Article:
Data-informed decision-making and a stronger, more effective healthcare workforce. This is one of the goals of the Urban Universities for Health Equity through Alignment, Leadership, and Transformation of the Health Workforce (UU4HEALTH). To achieve this goal requires a systematic process for identifying metrics that can be used to help university leaders understand the state of diversity among their institutions’ student population and faculty, and how this could impact our nation’s future healthcare workforce. Equally important, the data for the metrics must be feasible to collect across health profession colleges—consistently and in a sustainable manner. This article describes the UU4HEALTH initiative and Community Science’s involvement.
To ensure that everyone in our nation has access to quality health care, it is essential that we develop a workforce with the capacity to meet the needs of a population that is becoming increasingly diverse. UU4HEALTH is a partnership between the Association of American Medical Colleges (AAMC), the Coalition of Urban Serving Universities (USU)/Association of Public Land-grant Universities (APLU), and the National Institutes of Health (NIH). UU4HEALTH aims to bring together urban university presidents and health profession deans to strengthen institutional capacity, develop metrics, and facilitate a National Learning Collaborative to develop the necessary talent to improve the health of urban underserved and minority populations.
UU4HEALTH includes five participating universities: Cleveland State University (CSU)/Northeast Ohio Medical University (NEOMED), SUNY Downstate, University of Cincinnati, University of Missouri Kansas City, and University of New Mexico. Specifically, UU4HEALTH will work with these five universities to:
Community Science was engaged by AAMC and APLU specifically to facilitate the process of establishing a core set of metrics that the five participating universities as well as other urban universities can use in the future to monitor their efforts to diversify the nation’s healthcare workforce. These metrics fall into three broad categories: educational opportunity, access, and competence. We work with each participating university to determine the relevant metrics that work for their institutions and to identify the sources of data for these metrics. We take an iterative approach whereby we started with the leadership of one of the participating sites to determine the core metrics of interest. Then, we review these metrics with representatives from all the relevant offices or departments including admissions, diversity office, and the Office of Institutional Research. With each round of review, we become increasingly clear about the variables that the participating university tracks related to each metric, the data available, and the best source for the data. The results of this inventory will form the basis for an institutional dashboard that can be used by the institution’s leadership to make related decisions about developing the talent to improve the health of urban underserved and minority populations. The results of our inventory will allow AAMC and APLU to create a menu of metrics from which other urban universities can select as most applicable for their mission, context, and decision-making needs.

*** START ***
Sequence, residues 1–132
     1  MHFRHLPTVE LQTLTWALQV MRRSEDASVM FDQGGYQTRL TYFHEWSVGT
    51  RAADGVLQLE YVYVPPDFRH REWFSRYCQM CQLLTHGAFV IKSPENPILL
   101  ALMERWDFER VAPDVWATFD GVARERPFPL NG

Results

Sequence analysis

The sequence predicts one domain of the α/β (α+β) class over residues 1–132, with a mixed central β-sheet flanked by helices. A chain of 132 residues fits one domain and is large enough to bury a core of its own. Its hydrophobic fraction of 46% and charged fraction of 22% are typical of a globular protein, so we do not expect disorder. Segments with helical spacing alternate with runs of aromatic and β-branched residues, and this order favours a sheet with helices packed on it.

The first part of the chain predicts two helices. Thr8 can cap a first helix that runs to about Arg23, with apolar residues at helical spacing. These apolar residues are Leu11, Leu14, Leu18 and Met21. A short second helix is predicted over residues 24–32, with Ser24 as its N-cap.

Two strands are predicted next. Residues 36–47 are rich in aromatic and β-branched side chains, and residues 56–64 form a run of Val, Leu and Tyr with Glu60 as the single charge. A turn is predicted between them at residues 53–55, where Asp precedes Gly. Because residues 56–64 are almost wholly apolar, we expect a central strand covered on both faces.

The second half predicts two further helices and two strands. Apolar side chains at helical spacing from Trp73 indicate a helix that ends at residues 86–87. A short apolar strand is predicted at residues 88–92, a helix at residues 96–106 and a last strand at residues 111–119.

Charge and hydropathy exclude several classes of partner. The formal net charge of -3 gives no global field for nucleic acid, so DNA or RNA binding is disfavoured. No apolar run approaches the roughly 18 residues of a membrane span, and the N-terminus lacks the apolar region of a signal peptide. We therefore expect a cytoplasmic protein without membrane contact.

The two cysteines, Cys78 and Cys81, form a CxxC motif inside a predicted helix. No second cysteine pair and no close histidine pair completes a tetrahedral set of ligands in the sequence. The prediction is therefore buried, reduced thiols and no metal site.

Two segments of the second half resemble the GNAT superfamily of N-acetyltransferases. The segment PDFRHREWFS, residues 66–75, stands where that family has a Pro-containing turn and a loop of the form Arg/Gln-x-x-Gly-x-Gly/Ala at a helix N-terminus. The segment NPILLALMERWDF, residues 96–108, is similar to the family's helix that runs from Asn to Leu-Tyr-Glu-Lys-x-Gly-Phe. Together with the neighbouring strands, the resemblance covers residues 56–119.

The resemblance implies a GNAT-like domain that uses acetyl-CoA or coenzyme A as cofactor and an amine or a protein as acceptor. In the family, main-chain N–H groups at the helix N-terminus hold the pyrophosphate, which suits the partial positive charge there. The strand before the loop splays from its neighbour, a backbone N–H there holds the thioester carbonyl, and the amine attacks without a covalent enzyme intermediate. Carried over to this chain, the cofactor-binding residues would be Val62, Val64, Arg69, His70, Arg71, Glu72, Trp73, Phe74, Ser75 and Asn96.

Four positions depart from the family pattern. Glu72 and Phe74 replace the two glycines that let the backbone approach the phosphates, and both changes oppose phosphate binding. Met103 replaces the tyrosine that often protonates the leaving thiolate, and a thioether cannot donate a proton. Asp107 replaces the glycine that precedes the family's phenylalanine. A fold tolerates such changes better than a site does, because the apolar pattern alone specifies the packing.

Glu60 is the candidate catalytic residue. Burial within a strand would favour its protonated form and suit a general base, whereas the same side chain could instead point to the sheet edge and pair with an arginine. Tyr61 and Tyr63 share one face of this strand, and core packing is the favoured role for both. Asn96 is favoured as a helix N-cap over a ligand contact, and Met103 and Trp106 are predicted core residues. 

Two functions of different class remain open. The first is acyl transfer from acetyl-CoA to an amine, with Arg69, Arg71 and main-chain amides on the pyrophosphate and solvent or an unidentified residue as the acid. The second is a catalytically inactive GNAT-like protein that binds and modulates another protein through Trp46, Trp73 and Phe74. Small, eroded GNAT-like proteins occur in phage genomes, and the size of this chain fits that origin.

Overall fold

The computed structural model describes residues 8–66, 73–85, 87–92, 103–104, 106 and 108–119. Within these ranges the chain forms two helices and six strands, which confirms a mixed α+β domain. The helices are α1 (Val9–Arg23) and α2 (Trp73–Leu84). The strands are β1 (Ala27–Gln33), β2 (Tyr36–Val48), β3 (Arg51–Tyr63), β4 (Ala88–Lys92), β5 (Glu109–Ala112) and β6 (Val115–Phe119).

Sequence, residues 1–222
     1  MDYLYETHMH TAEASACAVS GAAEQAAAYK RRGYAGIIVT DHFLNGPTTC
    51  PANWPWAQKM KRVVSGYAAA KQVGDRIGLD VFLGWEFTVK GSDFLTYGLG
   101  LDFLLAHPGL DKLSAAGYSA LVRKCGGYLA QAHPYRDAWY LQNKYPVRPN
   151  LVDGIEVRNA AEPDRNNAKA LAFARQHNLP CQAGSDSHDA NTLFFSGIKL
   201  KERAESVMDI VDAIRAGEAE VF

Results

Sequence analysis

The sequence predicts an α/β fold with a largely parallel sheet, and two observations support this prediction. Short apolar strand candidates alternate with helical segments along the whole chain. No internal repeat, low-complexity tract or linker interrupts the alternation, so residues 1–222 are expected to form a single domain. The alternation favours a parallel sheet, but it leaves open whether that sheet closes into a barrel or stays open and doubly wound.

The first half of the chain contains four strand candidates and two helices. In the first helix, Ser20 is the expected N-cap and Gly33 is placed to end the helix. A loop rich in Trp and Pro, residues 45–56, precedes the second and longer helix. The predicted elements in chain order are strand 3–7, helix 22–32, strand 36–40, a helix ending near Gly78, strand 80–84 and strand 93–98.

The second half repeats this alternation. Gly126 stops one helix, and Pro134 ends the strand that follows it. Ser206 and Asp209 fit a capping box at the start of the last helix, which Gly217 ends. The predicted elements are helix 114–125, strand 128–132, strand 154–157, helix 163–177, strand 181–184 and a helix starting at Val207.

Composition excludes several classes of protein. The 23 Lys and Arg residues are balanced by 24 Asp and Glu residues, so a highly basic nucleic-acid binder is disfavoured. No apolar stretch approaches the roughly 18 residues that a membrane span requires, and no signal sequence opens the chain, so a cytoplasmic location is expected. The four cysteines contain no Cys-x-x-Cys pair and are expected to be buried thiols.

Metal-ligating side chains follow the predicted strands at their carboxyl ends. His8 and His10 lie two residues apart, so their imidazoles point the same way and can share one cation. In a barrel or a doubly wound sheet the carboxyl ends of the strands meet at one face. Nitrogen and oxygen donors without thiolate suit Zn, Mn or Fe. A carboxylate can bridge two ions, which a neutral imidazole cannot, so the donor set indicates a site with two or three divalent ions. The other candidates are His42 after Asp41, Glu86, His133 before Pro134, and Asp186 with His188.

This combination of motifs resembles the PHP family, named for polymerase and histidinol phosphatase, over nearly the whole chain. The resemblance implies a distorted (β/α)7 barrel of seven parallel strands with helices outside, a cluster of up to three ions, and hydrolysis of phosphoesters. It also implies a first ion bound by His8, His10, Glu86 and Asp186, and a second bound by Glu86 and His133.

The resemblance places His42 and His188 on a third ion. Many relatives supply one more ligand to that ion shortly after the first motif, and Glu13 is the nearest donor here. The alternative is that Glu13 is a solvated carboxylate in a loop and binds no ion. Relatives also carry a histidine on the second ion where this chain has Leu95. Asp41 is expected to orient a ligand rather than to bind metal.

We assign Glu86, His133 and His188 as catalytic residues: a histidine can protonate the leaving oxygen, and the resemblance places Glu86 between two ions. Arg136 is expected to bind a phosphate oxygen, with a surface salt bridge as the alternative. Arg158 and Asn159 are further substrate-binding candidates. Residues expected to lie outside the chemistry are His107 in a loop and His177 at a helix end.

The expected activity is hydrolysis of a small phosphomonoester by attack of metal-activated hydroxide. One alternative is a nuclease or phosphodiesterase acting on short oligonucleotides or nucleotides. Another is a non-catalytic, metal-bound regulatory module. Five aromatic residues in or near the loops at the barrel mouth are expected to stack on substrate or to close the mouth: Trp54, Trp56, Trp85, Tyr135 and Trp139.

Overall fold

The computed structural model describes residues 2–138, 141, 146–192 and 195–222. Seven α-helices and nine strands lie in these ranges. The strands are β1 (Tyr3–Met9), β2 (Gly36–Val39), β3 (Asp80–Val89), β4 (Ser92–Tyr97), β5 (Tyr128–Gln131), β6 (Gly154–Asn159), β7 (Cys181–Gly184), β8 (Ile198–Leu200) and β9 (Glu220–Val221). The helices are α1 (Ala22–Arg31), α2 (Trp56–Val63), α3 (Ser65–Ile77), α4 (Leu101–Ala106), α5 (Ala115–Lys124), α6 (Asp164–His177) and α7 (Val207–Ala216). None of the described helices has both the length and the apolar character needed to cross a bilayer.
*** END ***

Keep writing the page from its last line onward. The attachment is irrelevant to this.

During this effort, we have learned about some of the participating universities’ efforts to identify and develop the talent needed to improve the health of urban underserved and minority populations, and to document the results of these efforts. We have also obtained a preliminary insight into the challenge of coordinating the various data tracking and documentation efforts across the schools of medicine, dentistry, pharmacy, nursing, and allied health within a university. Such coordination and, ultimately, the dashboard require strong commitment from top leadership commitment and systemic changes within the university.
According to Malika Fair, Director, Public Health Initiatives Portfolio at the AAMC, “We are delighted to work with Dr. Kien Lee and her team who have helped us to refine key health workforce metrics and validate data sources to identify specific measures for use by urban university leaders. The research and evaluative expertise of Community Science is invaluable as we move forward with the development of a menu of metrics to assist university leaders in developing institutional dashboards for action planning to improve the health workforce and address the health needs of an increasingly diverse population.” Community Science, through this effort, is contributing to a national effort that helps advance our company’s mission to create healthy, just, and equitable communities.
To learn more about UU4HEALTH, please visit http://urbanuniversitiesforhealth.org.